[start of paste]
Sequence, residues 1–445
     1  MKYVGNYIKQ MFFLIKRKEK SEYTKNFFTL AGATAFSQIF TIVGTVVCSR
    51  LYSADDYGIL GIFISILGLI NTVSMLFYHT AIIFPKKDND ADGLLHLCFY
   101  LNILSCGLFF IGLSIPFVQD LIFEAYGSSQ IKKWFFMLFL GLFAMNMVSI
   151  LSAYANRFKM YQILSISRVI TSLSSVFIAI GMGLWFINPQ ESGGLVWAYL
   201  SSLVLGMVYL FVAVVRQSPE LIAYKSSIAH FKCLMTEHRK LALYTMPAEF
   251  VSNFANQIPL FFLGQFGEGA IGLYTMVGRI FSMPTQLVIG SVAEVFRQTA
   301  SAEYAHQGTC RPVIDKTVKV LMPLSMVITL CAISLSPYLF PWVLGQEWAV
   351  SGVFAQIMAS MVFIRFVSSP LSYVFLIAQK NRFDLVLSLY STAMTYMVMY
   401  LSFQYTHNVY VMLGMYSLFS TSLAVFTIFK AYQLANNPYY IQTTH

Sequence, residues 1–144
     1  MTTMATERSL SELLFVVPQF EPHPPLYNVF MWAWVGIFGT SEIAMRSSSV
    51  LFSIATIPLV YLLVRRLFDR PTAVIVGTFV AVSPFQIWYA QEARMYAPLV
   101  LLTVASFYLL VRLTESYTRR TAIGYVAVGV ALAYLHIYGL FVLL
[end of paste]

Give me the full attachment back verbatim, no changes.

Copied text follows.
Sequence, residues 1–445
     1  MKYVGNYIKQ MFFLIKRKEK SEYTKNFFTL AGATAFSQIF TIVGTVVCSR
    51  LYSADDYGIL GIFISILGLI NTVSMLFYHT AIIFPKKDND ADGLLHLCFY
   101  LNILSCGLFF IGLSIPFVQD LIFEAYGSSQ IKKWFFMLFL GLFAMNMVSI
   151  LSAYANRFKM YQILSISRVI TSLSSVFIAI GMGLWFINPQ ESGGLVWAYL
   201  SSLVLGMVYL FVAVVRQSPE LIAYKSSIAH FKCLMTEHRK LALYTMPAEF
   251  VSNFANQIPL FFLGQFGEGA IGLYTMVGRI FSMPTQLVIG SVAEVFRQTA
   301  SAEYAHQGTC RPVIDKTVKV LMPLSMVITL CAISLSPYLF PWVLGQEWAV
   351  SGVFAQIMAS MVFIRFVSSP LSYVFLIAQK NRFDLVLSLY STAMTYMVMY
   401  LSFQYTHNVY VMLGMYSLFS TSLAVFTIFK AYQLANNPYY IQTTH

Sequence, residues 1–144
     1  MTTMATERSL SELLFVVPQF EPHPPLYNVF MWAWVGIFGT SEIAMRSSSV
    51  LFSIATIPLV YLLVRRLFDR PTAVIVGTFV AVSPFQIWYA QEARMYAPLV
   101  LLTVASFYLL VRLTESYTRR TAIGYVAVGV ALAYLHIYGL FVLL